Wednesday, December 28, 2011

Mini Reviews: Legend, A Certain Slant of Light, The Forest of Hands and Teeth, How to Host a Killer Party

Legend, by Marie Lu
Rating: ✮✮✮
Book Depository | Goodreads

Another recent entry into the field of dystopian YA, Legend breaks from the mold slightly by focusing on action and adventure, with a touch of romance and the inevitable government betrayal. The novels follows two very different character that come together: Day, a notorious teenage criminal, and June, a famous child prodigy working her way through college and into the military. Day and June are interesting characters on their own, and we get a great glimpse into who they are as the narrative splits between them. There's a bit of stretch in belief when they meet and spend some time together, as certain events and gestures and things said have to happen a certain way for all of it to come together, but I didn't mind it at all because I really enjoyed Legend. Even with the romance. I feel like I say this a lot, but not every YA novel needs romance. Day and June and their burgeoning friendship and the way their fates are tied together could have been enough without having them become romantic partners.

Ultimately, Legend was good fun, and I can't wait for the second installment. Also, props to Marie Lu for wrapping up the first novel in a series instead of leaving it with a cliffhanger.

A Certain Slant of Light, by Laura Whitcomb
Rating: ✮✮✮
Book Depository | Goodreads

In A Certain Slant of Light we follow Helen, a ghost who cleaves to an unwitting person and haunts them. Nicely, of course. Helen just wants to stay close to her humans, reading over their shoulders and experiencing their lives. Until she meets a boy who can actually see her, and she's propelled into a whirlwind romance with the only other person she's met like her. This novel is...interesting. On one hand, it's a very well written (Helen's narrative is so polite at times), moody, engrossing book. On the other, you get about half way through and it starts to veer off into unexpected places, and none of them all that good, in my experience. I did enjoy the idea of it, the execution of most of it, and if it weren't for the fact that things just got worse and worse (and worse) in the most melodramatic way before the end, I would have enjoyed it a lot more.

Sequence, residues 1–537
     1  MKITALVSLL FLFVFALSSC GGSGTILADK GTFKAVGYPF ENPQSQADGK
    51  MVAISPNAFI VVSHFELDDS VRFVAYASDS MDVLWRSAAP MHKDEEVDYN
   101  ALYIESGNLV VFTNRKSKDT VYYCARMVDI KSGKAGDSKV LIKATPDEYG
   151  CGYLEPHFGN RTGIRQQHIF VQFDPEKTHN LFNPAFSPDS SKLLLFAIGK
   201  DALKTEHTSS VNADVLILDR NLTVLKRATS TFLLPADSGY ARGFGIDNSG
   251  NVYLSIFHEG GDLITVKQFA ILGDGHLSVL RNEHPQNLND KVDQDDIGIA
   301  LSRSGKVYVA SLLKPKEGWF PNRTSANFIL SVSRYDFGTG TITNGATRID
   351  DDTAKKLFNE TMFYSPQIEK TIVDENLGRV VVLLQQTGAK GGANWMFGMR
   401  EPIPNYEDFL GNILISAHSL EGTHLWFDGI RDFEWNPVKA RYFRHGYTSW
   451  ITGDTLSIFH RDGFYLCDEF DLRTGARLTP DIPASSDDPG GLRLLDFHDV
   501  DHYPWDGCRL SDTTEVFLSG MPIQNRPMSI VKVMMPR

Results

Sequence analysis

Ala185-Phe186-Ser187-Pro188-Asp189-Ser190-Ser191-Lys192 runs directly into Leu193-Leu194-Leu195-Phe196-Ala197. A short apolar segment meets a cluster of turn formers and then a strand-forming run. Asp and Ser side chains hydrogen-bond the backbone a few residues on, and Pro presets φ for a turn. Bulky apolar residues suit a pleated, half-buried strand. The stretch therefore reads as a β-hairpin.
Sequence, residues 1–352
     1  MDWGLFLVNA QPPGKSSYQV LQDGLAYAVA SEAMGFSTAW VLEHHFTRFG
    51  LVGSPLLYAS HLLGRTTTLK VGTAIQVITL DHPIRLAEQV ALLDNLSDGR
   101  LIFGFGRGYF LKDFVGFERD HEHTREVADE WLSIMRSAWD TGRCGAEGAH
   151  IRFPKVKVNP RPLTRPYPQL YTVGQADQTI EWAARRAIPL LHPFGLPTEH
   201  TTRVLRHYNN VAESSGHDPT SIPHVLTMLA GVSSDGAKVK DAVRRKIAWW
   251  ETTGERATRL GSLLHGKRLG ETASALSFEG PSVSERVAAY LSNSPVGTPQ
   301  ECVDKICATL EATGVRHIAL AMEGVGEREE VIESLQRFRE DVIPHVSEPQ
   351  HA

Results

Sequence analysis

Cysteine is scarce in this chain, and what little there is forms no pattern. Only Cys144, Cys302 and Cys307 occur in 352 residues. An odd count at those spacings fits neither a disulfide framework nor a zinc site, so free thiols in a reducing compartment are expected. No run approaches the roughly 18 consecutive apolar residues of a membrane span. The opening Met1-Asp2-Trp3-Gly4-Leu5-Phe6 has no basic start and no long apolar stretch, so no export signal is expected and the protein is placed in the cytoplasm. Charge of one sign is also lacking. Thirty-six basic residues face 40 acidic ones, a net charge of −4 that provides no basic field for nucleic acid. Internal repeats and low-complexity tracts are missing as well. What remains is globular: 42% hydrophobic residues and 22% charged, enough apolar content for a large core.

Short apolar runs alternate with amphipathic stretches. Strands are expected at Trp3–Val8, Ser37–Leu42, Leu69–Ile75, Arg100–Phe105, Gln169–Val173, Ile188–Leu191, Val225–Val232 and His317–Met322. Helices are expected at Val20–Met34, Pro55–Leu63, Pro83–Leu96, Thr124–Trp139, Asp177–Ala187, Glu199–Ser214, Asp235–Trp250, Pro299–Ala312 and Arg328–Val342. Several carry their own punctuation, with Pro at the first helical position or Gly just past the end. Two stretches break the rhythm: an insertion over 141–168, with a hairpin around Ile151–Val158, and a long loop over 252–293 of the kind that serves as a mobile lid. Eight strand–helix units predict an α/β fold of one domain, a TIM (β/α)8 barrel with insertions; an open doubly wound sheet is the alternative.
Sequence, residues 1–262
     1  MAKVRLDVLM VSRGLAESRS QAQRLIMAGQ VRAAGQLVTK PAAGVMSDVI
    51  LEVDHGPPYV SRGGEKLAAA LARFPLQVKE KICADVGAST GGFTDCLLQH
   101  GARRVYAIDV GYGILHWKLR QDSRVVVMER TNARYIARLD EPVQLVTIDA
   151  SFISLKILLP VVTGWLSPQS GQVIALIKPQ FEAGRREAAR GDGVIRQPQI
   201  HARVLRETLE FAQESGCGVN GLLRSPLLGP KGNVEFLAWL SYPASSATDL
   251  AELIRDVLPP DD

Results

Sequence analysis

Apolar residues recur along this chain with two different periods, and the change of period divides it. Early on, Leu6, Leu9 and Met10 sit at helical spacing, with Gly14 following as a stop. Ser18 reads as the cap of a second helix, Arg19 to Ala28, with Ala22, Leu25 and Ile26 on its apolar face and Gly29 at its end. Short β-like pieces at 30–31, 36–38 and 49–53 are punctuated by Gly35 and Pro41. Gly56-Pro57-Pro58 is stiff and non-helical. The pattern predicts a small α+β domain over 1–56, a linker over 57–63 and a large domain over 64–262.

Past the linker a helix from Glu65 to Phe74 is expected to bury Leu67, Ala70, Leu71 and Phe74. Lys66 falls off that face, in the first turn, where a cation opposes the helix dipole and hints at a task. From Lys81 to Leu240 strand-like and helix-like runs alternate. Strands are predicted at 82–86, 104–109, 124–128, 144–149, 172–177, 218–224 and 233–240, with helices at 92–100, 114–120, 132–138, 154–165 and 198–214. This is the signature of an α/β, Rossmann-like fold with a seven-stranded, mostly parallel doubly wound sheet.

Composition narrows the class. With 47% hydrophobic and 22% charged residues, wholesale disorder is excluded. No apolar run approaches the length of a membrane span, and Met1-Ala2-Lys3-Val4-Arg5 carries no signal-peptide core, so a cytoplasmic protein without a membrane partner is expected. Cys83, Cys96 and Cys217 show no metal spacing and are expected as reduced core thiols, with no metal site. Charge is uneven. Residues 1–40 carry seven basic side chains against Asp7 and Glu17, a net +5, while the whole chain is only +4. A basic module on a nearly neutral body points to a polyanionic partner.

The Forest of Hands and Teeth, by Carrie Ryan
Rating: ✮✮ (Didn't Finish)
Book Depository | Goodreads

The premise of this is right up my alley: dystopian YA fiction set in a post-apocalyptic zombie future, in a small, religious village with secrets, surrounded by a forest where the zombies live. In a manner of speaking. The ingredients are all there for a great novel, but they just don't come together. The problem is our protagonist, Mary. We start off with Mary already an orphan and her brother turning her back on her as she joins the Sisterhood, the village's religious organization. All Mary does is think about how she wants to leave the village, whine about not loving the boy she's betrothed to, but his brother, and wonder what's beyond the forest when all evidence of an outsider is erased by the Sisterhood. Once I hit a hundred pages I realized nothing had happened. All I had read about was Mary doing dumb things and whining about her life, and not even the promise of answers for all the mysteries of the Sisterhood was enough to keep me going. I really wanted to like this book, too.

How to Host a Killer Party, by Penny Warner
Rating: ✮✮ (Didn't Finish)
Book Depository | Goodreads

I figured I could use some light, fun reading among all the ghost/dystopian books I've been reading, but I reeeeally picked wrong this time. I don't take my popcorn books as seriously as the others I read, so I give them a lot of leeway. But I got about halfway through How to Host a Killer Party and realized I didn't care about what was going on. It was cute, sure, and Presley Parker is a fun protagonist, but this is a case of the book just not being for me.

2 comments:

  1. I couldn't agree more Chantaal, not every YA book needs romance! There have been several I've read where the romance just felt a little out of place, stuck in there merely because it was "supposed" to be there instead of fully developed. I think it's refreshing to read a book where the characters are strong on their own and are in a different type of relationship other than romantic. I still really want to read Legend though:) Thanks for all these fabulous mini reviews!

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  2. Thank you for reading, Jenny!

    Legend is great, and the romance is thrown in but easy to ignore once the second half of the book and all the action really picks up and gets going. :)

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